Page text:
Whetstone on Cook, 'A Woman's Place: US Counterterrorism since 9/11'

Joana Cook
Crystal Whetstone

Joana Cook. A Woman's Place: US Counterterrorism since 9/11. New York: Oxford University Press, 2020. xvi + 564 pp. $49.95 (cloth), ISBN 978-0-19-750655-4

Reviewed by Crystal Whetstone (Sam Houston State) Published on H-War (February, 2023) Commissioned by Margaret Sankey (Air University)

Printable Version: https://www.h-net.org/reviews/showpdf.php?id=57781

This massive tome aims “to examine how, where and why women have become visible in the discourses and practices related to counterterrorism” from 2001 to 2019 (p. 1). Cook documents shifting understandings of women’s roles in counterterrorism, counterinsurgency, countering violent extremism, and terrorism since 9/11 from a US government perspective. Early views of women evolved from victims requiring (male) protection (including US servicewomen) to the effectiveness of US servicewomen in counterterrorism and counterinsurgency, and the agency and effectiveness of foreign women in national security forces, their families and communities, and terrorism.

Over seven chapters, Cook presents a straightforward research design that follows a qualitative methodology with three empirical chapters on respective case studies of the US Department of Defense, US Department of State, and US Agency for International Development (USAID). The main method is the discourse analysis of five hundred-plus policy and strategy documents from the three US presidential administrations and al-Qaeda and ISIS, as well as forty-plus interviews of elite practitioners, including diplomats, members of the US and UK governments, academics, security officials, and nongovernmental workers. Cook starts by reviewing the research on women in counterterrorism (introduction and chapter 1) and background on US counterterrorism under the Bush and Obama administrations (chapter 2). The empirical chapters (chapters 3-5) document the evolution of women’s visibility in counterterrorism and related areas in the Bush and Obama administrations, examining the coordination (and lack thereof) among the Department of Defense, Department of State, and USAID and highlighting similarities and differences between the two administrations concerning US efforts in Afghanistan, Iraq, and Yemen (and later, Syria). The final chapter (chapter 6) ends with counterterrorism under the Trump administration until 2019.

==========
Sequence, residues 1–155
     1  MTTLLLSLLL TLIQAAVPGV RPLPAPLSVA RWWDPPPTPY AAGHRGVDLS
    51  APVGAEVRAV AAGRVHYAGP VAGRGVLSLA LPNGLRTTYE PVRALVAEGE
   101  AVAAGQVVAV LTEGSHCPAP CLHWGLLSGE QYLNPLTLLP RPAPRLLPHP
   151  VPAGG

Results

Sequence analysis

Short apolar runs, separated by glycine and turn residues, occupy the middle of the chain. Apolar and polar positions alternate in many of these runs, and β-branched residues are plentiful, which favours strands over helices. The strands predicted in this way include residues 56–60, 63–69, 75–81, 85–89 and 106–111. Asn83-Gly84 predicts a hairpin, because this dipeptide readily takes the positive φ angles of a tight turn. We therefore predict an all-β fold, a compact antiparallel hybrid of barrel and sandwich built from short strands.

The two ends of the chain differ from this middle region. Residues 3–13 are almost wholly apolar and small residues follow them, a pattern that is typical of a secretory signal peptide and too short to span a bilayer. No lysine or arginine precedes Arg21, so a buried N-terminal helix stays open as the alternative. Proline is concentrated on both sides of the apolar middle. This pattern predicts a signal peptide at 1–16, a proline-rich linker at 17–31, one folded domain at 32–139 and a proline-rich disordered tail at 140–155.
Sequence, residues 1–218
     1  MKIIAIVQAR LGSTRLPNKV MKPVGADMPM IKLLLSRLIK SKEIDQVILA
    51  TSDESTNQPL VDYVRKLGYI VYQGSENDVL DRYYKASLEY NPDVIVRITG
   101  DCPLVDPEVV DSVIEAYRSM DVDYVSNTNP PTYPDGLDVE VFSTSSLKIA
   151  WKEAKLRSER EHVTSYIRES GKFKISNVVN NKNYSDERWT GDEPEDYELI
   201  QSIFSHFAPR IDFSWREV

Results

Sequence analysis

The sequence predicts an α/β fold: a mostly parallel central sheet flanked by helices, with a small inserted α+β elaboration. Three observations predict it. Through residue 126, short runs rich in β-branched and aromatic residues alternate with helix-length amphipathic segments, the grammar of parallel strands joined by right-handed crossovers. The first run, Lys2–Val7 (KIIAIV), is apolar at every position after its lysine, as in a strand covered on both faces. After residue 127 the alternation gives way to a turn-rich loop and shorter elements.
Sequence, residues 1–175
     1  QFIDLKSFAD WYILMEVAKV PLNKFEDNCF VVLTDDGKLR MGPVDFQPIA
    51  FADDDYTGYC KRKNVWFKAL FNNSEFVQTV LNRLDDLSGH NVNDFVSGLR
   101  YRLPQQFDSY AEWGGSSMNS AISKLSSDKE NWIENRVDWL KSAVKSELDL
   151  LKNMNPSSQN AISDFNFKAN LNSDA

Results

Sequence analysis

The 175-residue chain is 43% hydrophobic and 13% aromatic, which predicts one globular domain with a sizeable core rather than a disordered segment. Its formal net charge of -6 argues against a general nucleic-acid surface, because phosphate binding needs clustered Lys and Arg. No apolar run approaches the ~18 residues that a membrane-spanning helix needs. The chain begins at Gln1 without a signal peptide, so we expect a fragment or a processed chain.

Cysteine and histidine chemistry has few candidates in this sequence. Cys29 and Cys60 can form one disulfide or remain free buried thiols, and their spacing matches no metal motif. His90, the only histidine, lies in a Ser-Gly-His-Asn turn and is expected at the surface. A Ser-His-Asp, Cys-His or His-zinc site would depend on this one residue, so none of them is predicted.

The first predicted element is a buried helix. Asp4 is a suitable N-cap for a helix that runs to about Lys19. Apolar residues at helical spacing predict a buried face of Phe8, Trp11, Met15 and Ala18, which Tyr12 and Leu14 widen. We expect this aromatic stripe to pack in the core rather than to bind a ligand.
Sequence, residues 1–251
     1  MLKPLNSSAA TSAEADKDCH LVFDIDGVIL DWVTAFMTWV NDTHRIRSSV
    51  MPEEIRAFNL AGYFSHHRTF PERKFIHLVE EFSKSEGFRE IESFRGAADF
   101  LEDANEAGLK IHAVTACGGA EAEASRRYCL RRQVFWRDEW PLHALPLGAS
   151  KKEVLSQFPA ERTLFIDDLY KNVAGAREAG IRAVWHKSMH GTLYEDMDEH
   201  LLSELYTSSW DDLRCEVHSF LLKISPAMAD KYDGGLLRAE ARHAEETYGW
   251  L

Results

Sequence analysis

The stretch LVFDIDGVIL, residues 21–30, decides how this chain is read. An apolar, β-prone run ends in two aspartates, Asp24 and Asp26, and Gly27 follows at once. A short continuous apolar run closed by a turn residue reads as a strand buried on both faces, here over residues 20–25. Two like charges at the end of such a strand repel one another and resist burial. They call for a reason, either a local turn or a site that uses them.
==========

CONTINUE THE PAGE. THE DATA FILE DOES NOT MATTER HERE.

The strengths of this study are its thoroughness and broad scope. For those unfamiliar with security studies, Cook’s overview of counterterrorism is comprehensive and clear, meaning that this study will be of use to those outside international relations (IR) and related fields. Likewise, for those unfamiliar with gender studies, Cook offers a solid summary of gender and counterterrorism-related research. The assessment of the United Nations Security Council Resolution 1325 on Women, Peace and Security (UNSCR 1325), which promotes (among other aims) women’s participation in security matters, and an overview of feminist security studies lay the groundwork for the implementation of UNSCR 1325 by the US and women in counterterrorism, counterinsurgency, and countering violent extremism.